Officials call for action over Loganton slaughterhouse misconduct allegations

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LOGANTON, CLINTON COUNTY (WBRE/WYOU-TV) — Officials in central Pennsylvania are calling for action in response to allegation of misconduct at a Loganton slaughterhouse.

A Clinton County Commissioner and an environmentalist from the area are among those seeking action as a number of Loganton residents raise concerns about Nicholas Meats allegedly violating state land application protocols. The company categorically denies these allegations.

“I mean listen, at the end of the day, everyone deserves to have clean air, clean water, a good quality of life,” Clinton County Commissioner Angela Harding said. “They shouldn’t have decreased property values, those are things we should try to maintain.”

Residents of Loganton are voicing their frustration over an oppressive odor and an alleged environmental breach from Nicholas Meats. Officials are not responding to their concerns.

“The company and the department protection and the county all need to work together to make sure there are best management practices in place to make sure that people in the community can still enjoy their lives,” Harding said.

One of the primary local criticisms is that the slaughterhouse’s application of animal byproduct to area lands, which is protected under law, allegedly exceeded legal thresholds and has led to contamination.

A local environmentalist says that while nothing definitive has been proven, the volume of application he witnessed while on site gave him cause for concern.

“Looking at the larger picture aspect of everything going on, there’s definitely concern that there’s more going on than what’s being shared,” John Zaktansky, Executive Director of Middle Susquehanna Riverkeeper, said.

The Department of Environmental Protection received several complaints about land application this summer, when the slaughterhouse’s nutritional management plan (NMP) said none would take place.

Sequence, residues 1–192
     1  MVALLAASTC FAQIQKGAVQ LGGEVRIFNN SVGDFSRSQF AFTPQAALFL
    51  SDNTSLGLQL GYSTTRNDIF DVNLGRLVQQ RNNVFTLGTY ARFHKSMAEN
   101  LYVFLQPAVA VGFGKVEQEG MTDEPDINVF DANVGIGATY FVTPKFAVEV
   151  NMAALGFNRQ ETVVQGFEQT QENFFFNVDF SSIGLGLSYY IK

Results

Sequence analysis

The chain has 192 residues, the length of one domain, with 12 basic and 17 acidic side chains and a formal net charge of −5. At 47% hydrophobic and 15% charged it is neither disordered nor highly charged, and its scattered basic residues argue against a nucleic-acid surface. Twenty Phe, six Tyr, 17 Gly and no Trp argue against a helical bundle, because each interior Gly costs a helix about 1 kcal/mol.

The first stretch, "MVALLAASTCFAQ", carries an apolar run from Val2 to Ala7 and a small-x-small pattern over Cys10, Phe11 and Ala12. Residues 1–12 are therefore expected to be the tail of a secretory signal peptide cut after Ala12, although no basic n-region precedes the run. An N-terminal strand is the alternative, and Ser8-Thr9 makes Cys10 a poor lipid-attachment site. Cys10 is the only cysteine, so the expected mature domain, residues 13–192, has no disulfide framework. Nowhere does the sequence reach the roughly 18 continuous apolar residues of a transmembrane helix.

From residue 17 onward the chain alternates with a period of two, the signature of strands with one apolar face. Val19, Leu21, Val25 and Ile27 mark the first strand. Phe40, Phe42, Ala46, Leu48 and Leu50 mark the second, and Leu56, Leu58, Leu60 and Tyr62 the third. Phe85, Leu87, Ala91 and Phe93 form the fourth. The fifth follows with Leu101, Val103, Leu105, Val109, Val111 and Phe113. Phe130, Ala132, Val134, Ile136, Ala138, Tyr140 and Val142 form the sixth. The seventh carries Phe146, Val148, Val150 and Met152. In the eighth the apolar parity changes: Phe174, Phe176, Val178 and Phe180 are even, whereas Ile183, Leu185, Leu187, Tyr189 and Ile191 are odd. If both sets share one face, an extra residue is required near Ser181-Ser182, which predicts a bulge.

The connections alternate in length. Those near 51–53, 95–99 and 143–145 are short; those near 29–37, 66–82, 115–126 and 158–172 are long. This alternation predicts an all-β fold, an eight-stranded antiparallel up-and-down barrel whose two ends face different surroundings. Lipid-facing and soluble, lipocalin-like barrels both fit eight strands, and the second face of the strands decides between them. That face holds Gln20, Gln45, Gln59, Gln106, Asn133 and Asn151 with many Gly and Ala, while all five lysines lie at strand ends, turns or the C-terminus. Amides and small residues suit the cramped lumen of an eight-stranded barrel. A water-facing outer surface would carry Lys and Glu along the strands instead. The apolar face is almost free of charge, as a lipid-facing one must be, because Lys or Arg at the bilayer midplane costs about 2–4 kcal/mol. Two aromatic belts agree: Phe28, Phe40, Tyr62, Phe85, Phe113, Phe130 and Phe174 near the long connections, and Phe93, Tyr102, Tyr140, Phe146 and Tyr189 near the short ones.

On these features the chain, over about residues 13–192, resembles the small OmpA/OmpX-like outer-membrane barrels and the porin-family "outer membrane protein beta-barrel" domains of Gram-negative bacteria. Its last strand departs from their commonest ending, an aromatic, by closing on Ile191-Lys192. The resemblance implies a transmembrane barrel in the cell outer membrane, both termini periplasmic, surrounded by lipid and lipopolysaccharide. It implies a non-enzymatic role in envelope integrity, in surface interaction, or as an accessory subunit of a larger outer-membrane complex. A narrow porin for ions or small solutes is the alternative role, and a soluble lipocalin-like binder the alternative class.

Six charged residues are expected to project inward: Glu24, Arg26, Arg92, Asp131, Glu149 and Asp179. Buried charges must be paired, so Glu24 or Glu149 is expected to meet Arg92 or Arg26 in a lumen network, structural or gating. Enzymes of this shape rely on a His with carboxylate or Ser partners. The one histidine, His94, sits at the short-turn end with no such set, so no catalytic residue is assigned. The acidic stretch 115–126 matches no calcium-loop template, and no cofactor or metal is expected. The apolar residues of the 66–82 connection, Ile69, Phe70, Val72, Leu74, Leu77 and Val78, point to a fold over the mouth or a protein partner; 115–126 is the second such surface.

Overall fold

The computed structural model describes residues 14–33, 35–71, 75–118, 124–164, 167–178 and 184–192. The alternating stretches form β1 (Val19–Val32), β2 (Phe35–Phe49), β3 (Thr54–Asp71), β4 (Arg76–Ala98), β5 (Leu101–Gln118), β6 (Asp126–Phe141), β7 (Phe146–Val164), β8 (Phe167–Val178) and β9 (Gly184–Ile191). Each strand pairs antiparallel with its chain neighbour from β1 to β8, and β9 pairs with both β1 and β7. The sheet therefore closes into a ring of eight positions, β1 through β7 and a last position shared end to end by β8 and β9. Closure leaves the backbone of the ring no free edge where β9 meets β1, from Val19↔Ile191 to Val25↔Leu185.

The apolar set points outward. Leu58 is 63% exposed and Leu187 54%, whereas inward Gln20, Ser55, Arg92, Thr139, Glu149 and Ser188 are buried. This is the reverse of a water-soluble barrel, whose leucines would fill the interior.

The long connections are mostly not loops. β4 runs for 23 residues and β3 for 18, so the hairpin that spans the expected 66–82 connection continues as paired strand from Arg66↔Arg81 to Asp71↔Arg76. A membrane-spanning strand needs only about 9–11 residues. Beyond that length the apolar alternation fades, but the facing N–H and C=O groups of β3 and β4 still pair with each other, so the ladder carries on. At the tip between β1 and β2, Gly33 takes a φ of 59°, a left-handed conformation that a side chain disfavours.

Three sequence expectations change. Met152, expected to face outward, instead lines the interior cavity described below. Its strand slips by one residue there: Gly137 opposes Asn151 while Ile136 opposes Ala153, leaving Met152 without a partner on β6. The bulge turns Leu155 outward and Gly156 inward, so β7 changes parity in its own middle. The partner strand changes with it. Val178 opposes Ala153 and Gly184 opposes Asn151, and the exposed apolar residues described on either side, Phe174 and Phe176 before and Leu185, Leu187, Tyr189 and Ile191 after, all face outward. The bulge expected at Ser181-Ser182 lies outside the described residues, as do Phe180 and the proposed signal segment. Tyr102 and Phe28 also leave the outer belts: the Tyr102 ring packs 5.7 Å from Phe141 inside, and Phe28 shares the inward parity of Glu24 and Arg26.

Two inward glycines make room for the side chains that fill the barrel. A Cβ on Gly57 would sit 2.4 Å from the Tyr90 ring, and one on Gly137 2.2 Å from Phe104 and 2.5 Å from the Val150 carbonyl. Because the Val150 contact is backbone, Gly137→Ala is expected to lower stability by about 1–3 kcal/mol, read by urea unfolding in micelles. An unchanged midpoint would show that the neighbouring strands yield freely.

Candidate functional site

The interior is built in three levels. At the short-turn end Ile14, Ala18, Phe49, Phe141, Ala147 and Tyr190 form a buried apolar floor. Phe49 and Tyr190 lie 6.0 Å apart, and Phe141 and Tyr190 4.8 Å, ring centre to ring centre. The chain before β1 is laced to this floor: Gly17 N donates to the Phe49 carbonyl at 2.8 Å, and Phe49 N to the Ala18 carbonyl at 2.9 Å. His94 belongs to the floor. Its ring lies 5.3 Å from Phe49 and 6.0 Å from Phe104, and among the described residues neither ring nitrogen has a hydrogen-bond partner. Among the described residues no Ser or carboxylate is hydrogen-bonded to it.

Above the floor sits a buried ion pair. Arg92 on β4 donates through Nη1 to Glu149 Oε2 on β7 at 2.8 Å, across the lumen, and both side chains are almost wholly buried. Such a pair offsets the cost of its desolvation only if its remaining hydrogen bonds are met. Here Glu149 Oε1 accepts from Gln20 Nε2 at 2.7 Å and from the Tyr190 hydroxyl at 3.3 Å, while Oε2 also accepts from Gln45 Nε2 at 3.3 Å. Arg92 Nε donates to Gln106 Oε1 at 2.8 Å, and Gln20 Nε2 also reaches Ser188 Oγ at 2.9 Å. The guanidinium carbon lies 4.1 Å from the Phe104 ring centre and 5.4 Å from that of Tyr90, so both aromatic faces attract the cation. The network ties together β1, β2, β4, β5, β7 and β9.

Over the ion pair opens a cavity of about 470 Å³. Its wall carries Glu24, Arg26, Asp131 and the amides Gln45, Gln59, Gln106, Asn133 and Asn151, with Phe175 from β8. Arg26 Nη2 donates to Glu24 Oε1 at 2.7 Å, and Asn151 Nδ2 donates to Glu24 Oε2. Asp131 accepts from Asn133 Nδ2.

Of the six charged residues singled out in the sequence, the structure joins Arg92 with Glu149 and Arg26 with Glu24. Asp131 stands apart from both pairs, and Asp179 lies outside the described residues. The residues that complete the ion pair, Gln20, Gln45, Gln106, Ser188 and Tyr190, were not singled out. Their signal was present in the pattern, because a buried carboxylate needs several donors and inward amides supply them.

The DEP tells Eyewitness News that the company changed the plan as they are allowed to do legally.

“Please note that under applicable best management practices, operators may revise NMPs at any time and are only required to submit them to DEP upon the department’s request. In regard to Nicholas Meats, DEP has requested and received the updated NMPs,” Megan Lehman, Environmental Community Relations Specialist at DEP, said.

Nicholas Meats denies any wrongdoing.

The company and DEP both say that construction of a devise called a digester is being considered to help mitigate the plant’s odor for area residents. Those residents, however, say that the same plan has been offered to them for several years and construction has yet to begin.

“These applications are in the technical review phase, and DEP is currently awaiting a response from the applicant to deficiencies identified in the application. Additional DEP permits/approvals may be required for this project, and there is no specified timeframe for construction,” Lehman said.

A number of Loganton residents and environmentalists have signed a letter to Governor Tom Wolf and Attorney General Josh Shapiro asking for assistance in the matter.

UPDATE: In response, Nicholas Meat released the following statement:

Nicholas Meat rejects the baseless allegations that it has caused contamination of area water and wells.  First, Nicholas Meat LLC is an exporter of nutrient-rich food processing residuals that are applied to area farmland.  Because land application of these residuals is beneficial for both soils and crops, the EPA, the Pennsylvania Department of Environmental Protection, and agricultural experts support and encourage this practice, which is protected by the Pennsylvania Right to Farm Act.  Second, the farmers that land apply Nicholas Meat’s food processing residuals do so pursuant to applicable laws and regulations, which includes ensuring that local wells and water are unaffected by the process.  Finally, Nicholas Meat is working to obtain necessary permits for the construction of a Sustainable Resource Facility, which will allow Nicholas Meat to recycle FPR and water within the plant, greatly reducing its withdrawal of water from the aquifer, and generate biogas to help Nicholas Meat run its operations, which will reduce its carbon footprint.  Due to the nature of the project, the permit application process is complex and involves review by local governing bodies and state regulatory agencies.  Nicholas Meat has diligently worked to surmount the administrative challenges and already made significant financial investment to achieve their goal of constructing this environmentally conscious facility, and welcomes community and political support for its objectives. Nicholas Meat intends to move forward with construction as soon as it is authorized to do so.

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